“What did the customer say no to? – nothing? – then how did you know he was done (had bought all he was going to)?”
Go for No, page 28
The storyline of Richard Fenton and Andrea Waltz’s Go for No is genius. It’s something we all wish was possible: get a glimpse now of what will happen in our future. We learn all of the concepts of Going for No by hearing “successful Eric” talking to “not-so-successful Eric” of 10 years ago. Despite the fact that Eric is a salesperson, the concepts from Go for No are universally applicable. Since the risk of rejection is what stops most of us from trying things, we all need to learn to reframe the word “No”.
I really loved the reminders from the book about the jobs where failing is a common occurrence – baseball players getting back up to bat, doctors serving the next patient after one died, an entrepreneur starting a restaurant, inventors. There are also examples of people in jobs who kept going after failures – Abraham Lincoln, Babe Ruth, Colonel Sanders, Thomas Edison, to name a few. In all these cases, it’s often the successes we focus on and remember, sometimes forgetting about the “failures” all together. It’s so important that we are reminded that the failures are a part of the path to success.
The steps for implementing the concepts of Go for No are so succinct that after reading the book’s seventy-four, large print, lots-of-white space pages, I find I don’t even have to look at my notes to rewrite them:
- Most people are looking for a Yes, so they stop when they get one and limit their success by taking themselves out of the game (set daily or weekly goals for how many No’s you’ll get, not how many Yes’s).
- When looking for people who’ll say Yes you need to fail faster so you can get on to the next person who may be the Yes (start by asking for the sale so you can move on to the next person if they say No).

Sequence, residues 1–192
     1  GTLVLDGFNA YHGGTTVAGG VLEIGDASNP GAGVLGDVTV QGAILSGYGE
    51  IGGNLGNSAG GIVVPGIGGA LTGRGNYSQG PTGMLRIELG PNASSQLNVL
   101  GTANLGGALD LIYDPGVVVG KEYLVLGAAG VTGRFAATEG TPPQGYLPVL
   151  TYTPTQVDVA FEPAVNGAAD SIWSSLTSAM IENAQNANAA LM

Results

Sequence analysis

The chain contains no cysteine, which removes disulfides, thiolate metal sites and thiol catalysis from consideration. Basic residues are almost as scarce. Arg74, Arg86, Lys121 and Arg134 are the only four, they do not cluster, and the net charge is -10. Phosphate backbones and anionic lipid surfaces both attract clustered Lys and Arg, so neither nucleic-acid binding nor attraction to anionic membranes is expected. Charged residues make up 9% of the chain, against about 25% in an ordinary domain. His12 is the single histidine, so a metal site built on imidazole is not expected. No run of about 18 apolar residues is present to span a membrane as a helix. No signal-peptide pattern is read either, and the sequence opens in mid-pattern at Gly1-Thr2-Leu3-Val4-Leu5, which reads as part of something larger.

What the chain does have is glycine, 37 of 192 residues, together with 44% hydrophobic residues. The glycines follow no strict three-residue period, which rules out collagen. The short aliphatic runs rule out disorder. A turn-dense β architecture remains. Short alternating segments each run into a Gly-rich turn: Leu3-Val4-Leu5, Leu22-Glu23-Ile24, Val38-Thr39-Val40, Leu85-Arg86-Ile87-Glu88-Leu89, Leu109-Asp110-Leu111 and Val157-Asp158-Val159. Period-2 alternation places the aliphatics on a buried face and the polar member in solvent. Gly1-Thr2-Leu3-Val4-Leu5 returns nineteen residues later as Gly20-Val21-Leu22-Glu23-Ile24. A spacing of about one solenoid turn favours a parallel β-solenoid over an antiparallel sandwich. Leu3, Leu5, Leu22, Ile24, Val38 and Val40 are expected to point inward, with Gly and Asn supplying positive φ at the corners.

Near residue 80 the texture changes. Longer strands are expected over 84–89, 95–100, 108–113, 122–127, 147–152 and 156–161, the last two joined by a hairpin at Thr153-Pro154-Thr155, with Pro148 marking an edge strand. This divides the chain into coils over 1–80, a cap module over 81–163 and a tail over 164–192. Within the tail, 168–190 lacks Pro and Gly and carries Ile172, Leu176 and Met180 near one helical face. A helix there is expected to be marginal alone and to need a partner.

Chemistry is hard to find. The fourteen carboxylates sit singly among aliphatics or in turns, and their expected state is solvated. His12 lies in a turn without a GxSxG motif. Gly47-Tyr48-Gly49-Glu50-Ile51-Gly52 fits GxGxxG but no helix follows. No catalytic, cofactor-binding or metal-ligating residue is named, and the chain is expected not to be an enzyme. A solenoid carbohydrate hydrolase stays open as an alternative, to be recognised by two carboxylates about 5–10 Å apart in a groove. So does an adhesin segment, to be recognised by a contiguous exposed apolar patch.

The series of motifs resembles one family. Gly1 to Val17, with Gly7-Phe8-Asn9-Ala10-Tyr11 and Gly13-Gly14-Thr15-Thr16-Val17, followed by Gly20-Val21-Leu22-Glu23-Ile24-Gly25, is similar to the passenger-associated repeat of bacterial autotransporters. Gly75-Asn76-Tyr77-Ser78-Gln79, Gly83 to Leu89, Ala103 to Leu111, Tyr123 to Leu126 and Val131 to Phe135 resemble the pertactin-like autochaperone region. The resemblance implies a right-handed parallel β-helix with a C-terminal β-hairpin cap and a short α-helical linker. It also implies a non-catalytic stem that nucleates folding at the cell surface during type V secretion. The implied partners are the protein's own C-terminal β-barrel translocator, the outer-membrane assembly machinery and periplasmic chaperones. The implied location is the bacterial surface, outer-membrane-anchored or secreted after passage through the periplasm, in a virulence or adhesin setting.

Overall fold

- No just means not yet (people say No 4 times before they say Yes so keep track of the number of No’s per person and plan to go back).
- Next after hearing No, a failure, go onto the next person. (Of course think about and learn from what happened, but go on to the next person quickly.)
- You need to want to fail, not just be willing to (believing this will make you keep trying to fail and eventually you’ll not fear it/dislike it as you see that it will get you to more successes).
The Virtues of Failing
“Failure is the halfway mark on the way to success.”
Go for No, page 29
How many sales have I happily made (ideas to my boss/staff/co-workers and products/services to customers) thinking that I got exactly what I wanted, a Yes? Now I wonder, was I thinking too small in my ask? Had I gotten some No’s (4 of them) on the way to Yes I’d know for sure I’d done my best.
“Set goals for the number of No’s you’re going to get each week.”
Go for No, page 46
Being innately competitive as a species, we have a natural desire to reach any goals we set for ourselves (or are set for us). Setting failure goals is a way to be excited about failing/hearing the word No. Thomas Edison said, “I have not failed 10,000 times. I have successfully found 10,000 ways that will not work.” So go out and try, even if you may hear the word No!
And crucially important for managers/companies – to help staff succeed, we need to reward failure – recognize it as an essential part of getting to yes – or no matter what, people will still work for Yes and therefore avoid No. We work for what we get rewarded for!
Next – The Magic Word
“Failure Quotient – how many times is a person willing to fail before succeeding?”
Go for No, page 50
As I was reading I was thinking – what could make me want to implement this concept? What makes people be able to overcome decades of not wanting to hear no, to now embracing it? And then I realized that the people the authors use as examples have something in common (Colonel Sanders, Babe Ruth, Allen Breed – who? Read the book and you’ll see), they have passion for what they’re doing. If you don’t have passion, Go for No will be harder to implement because your only reward will be hitting your No goals – likely not enough to make it worth it to fail and fail and fail and fail (that was 4 times!).
When I first started reading Go for No, the storyline felt a little hokey. But seriously, stick with it. It’s a short book so it’s only a few pages before you get to the concept of Go for No – a concept that is so clearly what you need to be doing that you’ll forget that it was a hard start.
The authors and the reviewers promised a book with a concept that will change your life and if you apply it, it will! Heard that before and found yourself not applying? The couple of things the author says to do to apply Go for No are so succinct that it’s easy to get started failing!
“Yes is the destination – No is how you get there”.